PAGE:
Six-time champion Serena Williams roared in her ninth US Open final on Thursday with an emphatic 6-3, 6-0 victory over Anastasija Sevastova. Serena, 17th seed in her bid to increase her 23 Grand Slam titles for the first time since the birth of her daughter Olympia on September 1 last year, needed only 66 minutes to dispatch to the 19th list head of Latvia, which was playing in it first semifinal of the Grand Slam. Serena will face Japan's Naomi Osaka for the title on Saturday. Naomi Osaka took a slice of tennis history on Thursday, beating Madison Keys 6-2, 6-4 in the US Open semifinal, to become the first Japanese woman to reach a Grand Slam final.
Osaka, a 20-year-old Florida resident who has been in the last four bouts for the first time, will face serene Grand Slam winner Serena Williams in Saturday's championship game.
"Honestly, it's really amazing," Serena said of reaching a second Grand Slam final of the year, after being a finalist at Wimbledon.
"A year ago I was fighting for my life in the hospital after having the baby," added Serena, who fought blood clots that threatened life after a difficult birth.
"Every time I go out on this court I am very grateful to have the opportunity to play this sport.
"Get that far so fast … I'm really waiting for the possibilities.
As in her semifinal victory over Karolina Pliskova, Serena took a while to warm up, dropping her serve in the opening game.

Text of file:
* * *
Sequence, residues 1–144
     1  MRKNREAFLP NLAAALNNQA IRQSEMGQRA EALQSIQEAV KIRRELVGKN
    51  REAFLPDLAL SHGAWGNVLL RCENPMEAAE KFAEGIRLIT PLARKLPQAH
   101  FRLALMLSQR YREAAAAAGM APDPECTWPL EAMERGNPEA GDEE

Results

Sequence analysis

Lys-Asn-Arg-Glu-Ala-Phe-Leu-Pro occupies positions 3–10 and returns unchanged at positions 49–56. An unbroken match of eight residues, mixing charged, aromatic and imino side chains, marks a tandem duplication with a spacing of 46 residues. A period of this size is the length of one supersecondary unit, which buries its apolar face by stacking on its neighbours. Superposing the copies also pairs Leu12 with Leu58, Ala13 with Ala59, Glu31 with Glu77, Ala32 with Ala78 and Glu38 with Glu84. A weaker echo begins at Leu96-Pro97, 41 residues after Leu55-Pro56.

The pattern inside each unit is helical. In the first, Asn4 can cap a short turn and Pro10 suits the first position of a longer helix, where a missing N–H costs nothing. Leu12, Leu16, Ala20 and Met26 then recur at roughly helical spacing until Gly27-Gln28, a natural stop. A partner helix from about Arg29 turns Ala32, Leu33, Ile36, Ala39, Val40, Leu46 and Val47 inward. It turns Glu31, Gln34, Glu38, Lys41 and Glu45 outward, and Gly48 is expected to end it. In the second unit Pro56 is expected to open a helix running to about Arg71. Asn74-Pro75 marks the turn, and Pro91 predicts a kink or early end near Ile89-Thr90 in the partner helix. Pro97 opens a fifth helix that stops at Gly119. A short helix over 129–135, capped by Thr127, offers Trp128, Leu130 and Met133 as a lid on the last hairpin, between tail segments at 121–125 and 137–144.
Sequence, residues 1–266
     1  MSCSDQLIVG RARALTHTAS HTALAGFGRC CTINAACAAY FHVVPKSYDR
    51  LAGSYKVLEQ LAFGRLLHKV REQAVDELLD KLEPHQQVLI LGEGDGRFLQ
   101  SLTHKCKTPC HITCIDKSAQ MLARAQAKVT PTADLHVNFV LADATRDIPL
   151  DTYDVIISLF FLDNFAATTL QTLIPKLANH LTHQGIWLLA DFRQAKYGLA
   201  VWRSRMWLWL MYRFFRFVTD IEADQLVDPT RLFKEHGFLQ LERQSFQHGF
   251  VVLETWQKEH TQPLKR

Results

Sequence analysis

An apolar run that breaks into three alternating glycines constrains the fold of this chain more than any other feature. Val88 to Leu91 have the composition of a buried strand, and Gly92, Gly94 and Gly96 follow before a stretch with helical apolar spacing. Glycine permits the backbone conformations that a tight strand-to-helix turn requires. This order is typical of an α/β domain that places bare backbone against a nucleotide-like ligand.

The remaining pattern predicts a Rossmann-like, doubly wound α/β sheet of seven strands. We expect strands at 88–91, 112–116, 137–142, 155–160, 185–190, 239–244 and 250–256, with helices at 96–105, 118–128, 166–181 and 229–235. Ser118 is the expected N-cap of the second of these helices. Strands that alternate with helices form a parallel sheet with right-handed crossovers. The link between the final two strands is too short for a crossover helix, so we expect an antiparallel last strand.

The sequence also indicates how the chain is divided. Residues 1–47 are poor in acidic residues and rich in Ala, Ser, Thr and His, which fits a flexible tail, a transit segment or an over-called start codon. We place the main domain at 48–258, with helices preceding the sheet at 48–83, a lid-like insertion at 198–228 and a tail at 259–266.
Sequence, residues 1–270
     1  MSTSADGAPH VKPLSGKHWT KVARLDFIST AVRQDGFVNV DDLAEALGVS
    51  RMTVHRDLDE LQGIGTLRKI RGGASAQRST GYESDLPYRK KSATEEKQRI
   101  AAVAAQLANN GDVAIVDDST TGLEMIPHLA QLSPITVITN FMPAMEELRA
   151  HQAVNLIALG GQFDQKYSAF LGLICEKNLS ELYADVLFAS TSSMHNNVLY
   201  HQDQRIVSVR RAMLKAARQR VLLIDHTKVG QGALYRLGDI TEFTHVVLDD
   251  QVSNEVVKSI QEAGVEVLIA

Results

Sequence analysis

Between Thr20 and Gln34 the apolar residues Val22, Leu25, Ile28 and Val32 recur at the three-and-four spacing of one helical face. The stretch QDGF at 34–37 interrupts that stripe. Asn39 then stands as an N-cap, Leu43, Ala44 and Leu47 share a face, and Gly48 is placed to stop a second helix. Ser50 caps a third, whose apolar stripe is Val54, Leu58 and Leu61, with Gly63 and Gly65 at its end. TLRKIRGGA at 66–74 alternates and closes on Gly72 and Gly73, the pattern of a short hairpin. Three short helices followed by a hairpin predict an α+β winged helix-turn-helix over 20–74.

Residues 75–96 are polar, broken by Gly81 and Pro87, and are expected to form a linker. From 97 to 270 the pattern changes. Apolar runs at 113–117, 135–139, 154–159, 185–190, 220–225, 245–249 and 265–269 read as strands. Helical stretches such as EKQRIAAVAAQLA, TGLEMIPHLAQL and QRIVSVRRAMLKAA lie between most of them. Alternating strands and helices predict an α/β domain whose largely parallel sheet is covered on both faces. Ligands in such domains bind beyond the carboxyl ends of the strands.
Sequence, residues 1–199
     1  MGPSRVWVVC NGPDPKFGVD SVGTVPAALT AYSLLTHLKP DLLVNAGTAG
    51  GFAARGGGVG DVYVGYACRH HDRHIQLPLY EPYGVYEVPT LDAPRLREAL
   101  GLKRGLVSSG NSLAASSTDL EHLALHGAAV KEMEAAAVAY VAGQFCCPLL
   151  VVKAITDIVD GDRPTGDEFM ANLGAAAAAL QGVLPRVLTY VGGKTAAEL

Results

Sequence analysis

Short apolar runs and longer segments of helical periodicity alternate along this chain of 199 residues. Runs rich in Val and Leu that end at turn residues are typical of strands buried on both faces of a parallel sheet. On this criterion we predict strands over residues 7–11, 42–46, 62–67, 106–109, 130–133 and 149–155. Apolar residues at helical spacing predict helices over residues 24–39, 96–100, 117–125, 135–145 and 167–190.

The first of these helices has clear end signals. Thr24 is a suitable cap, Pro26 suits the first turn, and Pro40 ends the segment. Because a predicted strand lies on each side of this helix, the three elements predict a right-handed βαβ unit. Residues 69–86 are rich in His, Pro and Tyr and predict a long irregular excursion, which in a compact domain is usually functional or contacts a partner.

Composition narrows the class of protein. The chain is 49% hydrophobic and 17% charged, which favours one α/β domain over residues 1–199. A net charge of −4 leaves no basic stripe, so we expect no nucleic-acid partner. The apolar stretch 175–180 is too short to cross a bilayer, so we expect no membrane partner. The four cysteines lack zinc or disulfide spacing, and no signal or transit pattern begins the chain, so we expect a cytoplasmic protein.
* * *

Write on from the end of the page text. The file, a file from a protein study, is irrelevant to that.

But he was back on the terms after a 2-2 break, giving himself a chance with a passive shot and getting the break when Sevastova's attempt from a shot from the depth of the court could not go through the net.
From there Serena was in the attack, winning 24 of 28 points on the network. After breaking again to get a 4-2 lead, he produced a convincing grip that included the first of his four aces.
Serving for the first set opened with an ace of 120 mph (193 km / h) and Sevastova had no answers.
"I've been working hard on my volleys," Serena said of her aggressive game plan. "I've won some doubles championships, so I know how to volley.
"Usually, I come to shake hands," he joked. "I wanted to try something different today and it worked in my favor".
Sevastova, who beat defending champion Sloane Stephens to reach the semifinals, regretted "some stupid games that I lost."
"How was the first set affected me in the second a bit," he said. "I should not have broken twice in the first set, I had game points in both games."
Once Serena was in front, said Sevastova, there was no way to stop her.
"When she's at the front it's hard to play," he said. "I tried her games, but she served well – when someone serves an ace of 123 miles per hour, there's not much you can do."